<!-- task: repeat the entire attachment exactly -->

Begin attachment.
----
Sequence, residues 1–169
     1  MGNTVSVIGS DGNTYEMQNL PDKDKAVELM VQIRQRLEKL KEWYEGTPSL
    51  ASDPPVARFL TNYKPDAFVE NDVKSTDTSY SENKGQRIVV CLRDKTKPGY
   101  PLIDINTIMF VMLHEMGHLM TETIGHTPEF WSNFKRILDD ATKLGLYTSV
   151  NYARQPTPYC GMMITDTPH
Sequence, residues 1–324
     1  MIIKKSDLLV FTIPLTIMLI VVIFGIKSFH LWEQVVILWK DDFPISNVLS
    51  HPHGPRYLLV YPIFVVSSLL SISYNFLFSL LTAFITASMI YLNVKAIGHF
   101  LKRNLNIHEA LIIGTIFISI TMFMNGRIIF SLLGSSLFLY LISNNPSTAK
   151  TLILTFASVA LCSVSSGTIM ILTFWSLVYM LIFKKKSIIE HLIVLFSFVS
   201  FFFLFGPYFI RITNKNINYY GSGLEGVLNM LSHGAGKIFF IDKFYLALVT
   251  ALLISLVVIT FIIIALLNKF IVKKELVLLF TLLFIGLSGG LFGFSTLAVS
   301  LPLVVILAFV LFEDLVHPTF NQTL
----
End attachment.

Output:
Sequence, residues 1–169
     1  MGNTVSVIGS DGNTYEMQNL PDKDKAVELM VQIRQRLEKL KEWYEGTPSL
    51  ASDPPVARFL TNYKPDAFVE NDVKSTDTSY SENKGQRIVV CLRDKTKPGY
   101  PLIDINTIMF VMLHEMGHLM TETIGHTPEF WSNFKRILDD ATKLGLYTSV
   151  NYARQPTPYC GMMITDTPH
Sequence, residues 1–324
     1  MIIKKSDLLV FTIPLTIMLI VVIFGIKSFH LWEQVVILWK DDFPISNVLS
    51  HPHGPRYLLV YPIFVVSSLL SISYNFLFSL LTAFITASMI YLNVKAIGHF
   101  LKRNLNIHEA LIIGTIFISI TMFMNGRIIF SLLGSSLFLY LISNNPSTAK
   151  TLILTFASVA LCSVSSGTIM ILTFWSLVYM LIFKKKSIIE HLIVLFSFVS
   201  FFFLFGPYFI RITNKNINYY GSGLEGVLNM LSHGAGKIFF IDKFYLALVT
   251  ALLISLVVIT FIIIALLNKF IVKKELVLLF TLLFIGLSGG LFGFSTLAVS
   301  LPLVVILAFV LFEDLVHPTF NQTL